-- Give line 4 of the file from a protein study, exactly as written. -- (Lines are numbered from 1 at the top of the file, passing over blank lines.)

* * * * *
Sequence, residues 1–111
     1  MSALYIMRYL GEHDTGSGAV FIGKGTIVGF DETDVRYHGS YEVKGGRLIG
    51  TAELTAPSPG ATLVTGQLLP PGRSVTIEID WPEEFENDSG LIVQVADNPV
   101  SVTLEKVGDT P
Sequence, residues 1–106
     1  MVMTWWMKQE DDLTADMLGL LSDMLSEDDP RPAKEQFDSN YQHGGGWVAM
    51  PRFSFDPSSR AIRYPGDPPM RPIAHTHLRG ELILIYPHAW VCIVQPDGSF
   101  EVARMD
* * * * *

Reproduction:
   101  SVTLEKVGDT P